With Crossley’s and Bentham’s extracts as well as the research from the site curated by Darryl Lundy, as well as my own deeds work, the resulting GORE family tree reveals a Who’s Who of the Irish landlord class. This is not surprising. After all, land was money – both collateral and savings. Banks as we know them today did not exist.  Short term leases, often between relations, freed up short term cash. Because of the frequent inter-generational transfers of assets, back and forth, one transaction was often linked to a subsequent one and historic relationships between the various parties were sometimes noted in the documents. Specially when leases were held for a number of named lives.

After doing what I could with the GOREs, I was now at Dead End #4.  There were several Col. Gores who could have been a reasonable fit, but it was now time to look elsewhere. In the next few posts, I will reveal what the SALL aka SALE connections revealed, and how it turned out that Richard Jackson, the older brother of Rev. William Jackson, was the key. Also, I will reveal Dead End #5 and so on. Stay tuned. All may yet be solved.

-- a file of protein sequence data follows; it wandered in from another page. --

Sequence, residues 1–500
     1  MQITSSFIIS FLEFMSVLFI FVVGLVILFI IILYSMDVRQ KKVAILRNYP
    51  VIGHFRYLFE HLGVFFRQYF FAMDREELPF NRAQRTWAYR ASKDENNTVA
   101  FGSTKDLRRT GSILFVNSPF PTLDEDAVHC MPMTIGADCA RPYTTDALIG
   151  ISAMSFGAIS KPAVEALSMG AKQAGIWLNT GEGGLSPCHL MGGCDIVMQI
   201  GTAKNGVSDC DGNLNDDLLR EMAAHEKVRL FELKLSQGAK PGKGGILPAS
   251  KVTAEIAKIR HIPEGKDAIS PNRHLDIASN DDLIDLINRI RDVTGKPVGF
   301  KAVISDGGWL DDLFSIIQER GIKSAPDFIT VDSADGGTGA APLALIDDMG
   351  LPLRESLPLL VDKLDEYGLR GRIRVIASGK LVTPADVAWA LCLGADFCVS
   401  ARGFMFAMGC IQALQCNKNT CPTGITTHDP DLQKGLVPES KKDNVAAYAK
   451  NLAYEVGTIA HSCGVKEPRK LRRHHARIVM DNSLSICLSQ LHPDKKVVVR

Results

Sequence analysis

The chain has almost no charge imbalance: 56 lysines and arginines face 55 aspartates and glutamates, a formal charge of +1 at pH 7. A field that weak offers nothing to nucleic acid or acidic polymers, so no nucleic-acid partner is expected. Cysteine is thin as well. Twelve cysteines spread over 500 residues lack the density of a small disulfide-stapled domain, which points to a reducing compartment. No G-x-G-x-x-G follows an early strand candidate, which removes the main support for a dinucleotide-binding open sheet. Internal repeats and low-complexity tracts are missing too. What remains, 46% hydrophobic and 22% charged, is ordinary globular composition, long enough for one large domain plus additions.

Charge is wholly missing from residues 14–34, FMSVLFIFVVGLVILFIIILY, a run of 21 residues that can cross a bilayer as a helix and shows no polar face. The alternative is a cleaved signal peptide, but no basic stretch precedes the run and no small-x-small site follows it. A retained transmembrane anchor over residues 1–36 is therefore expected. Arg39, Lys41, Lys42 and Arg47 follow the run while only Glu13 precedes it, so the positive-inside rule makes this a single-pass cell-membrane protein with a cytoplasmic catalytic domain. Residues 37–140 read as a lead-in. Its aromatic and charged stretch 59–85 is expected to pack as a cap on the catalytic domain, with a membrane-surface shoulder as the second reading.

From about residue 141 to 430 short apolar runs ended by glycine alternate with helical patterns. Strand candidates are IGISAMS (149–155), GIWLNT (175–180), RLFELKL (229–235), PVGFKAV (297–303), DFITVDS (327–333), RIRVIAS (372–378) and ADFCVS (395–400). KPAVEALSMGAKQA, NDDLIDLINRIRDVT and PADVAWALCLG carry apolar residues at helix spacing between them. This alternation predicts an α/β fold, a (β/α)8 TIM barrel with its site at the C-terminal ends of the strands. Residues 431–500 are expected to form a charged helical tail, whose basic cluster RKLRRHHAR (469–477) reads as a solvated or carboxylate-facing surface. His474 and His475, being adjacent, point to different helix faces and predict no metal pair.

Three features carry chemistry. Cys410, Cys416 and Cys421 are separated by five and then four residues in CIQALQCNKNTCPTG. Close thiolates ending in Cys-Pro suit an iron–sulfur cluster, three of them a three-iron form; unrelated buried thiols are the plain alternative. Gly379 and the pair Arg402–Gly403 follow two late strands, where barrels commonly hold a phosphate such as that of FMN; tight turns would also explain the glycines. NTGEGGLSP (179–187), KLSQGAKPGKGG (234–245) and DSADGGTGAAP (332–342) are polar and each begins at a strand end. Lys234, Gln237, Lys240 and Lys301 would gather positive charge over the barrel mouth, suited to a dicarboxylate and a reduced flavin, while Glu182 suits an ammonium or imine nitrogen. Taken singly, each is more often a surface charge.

The young William Jackson. Where did he come from? Where did he live as a child? How did he come to be convicted as a terrorist - a foreign agent in the service of France?

2 comments:

  1. Sharon, This is a fine example of why we often have to write history 'backwards', in the sense that we must recheck sources and when possible get to 'the fountainhead of dead ends', so to speak. The Gore connection, inter alia, is a fascinating one, especially as we may assume a certain lady lieutenant in the Irish Citizen Army, 1916, had no idea...I for one certainly will stay tuned!

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  2. Wonderfully written Sharon (as usual). Can hardly wait for the next installment. Carolyn